"I'd seen it go viral and I thought that it would make a great scene, so we retold that in the documentary but it's funny, you never know where these moments can come from. It just happened to be a driving moment in his career which sort of sparked his solo career."
Despite the instant recognition and interest in his ability as a songwriter/solo artist, Fitzgerald says that Liam is still reluctant to be labelled as an artist and that he still has doubts about the creative process.
"Liam sort of has this defence mechanism that's up against being labelled an artist. I think, in a way, he almost doubts his creativity. Even now with the new album, he still probably doubts his songwriting ability and thinks that other people are better. I get that. Like, everybody that's creative has doubts but the songs that he does write - even the ones in Oasis - are not the type of melodies that you would expect from Liam. They're actually more tender and I hope that he continues to write because he is really good at it," said Fitzgerald.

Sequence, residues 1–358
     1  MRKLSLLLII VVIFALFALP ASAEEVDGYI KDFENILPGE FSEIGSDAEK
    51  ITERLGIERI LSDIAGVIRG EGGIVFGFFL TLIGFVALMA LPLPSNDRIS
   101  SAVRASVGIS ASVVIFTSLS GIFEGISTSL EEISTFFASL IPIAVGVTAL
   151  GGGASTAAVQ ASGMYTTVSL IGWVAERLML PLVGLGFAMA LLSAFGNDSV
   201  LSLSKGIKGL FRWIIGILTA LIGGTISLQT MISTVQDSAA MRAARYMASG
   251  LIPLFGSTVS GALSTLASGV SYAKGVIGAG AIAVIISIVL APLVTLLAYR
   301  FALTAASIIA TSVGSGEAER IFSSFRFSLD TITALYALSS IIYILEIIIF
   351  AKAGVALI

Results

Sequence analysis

After the clip from J.J. Finans went viral, it became clear that people around the world were beginning to embrace Liam's solo material, however, the singer still wasn't sure of his credentials.
To allay any fears, Liam turned to the guitarist of Oasis, Paul "Bonehead" Arthurs.
"He was sending me finished songs - you know, just songs that he was recording on his phone - and one of them was 'Bold.' When he asked me what I thought, it wasn't like him saying 'fucking get your ears around this. It's going to blow your fucking head off...COME ON!' There was none of that attitude, it was a bit more humble. Liam said to me 'what do you think? Do you think it's alright? I was like 'Do I think it's alright? It's fucking massive, mate, yeah", said Bonehead.
With a renewed sense of self confidence as a solo artist, Liam contacted Phil Christie at Warner Brothers Records who felt that it was the best material that he had done in the last decade.
Shortly after, Gallagher was signed to a record label and the rest is history.
As You Were x.
Liam Gallagher: As It Was is released in Irish cinemas from 7 June.
Take a look at what's in store.
Clip via Altitude Films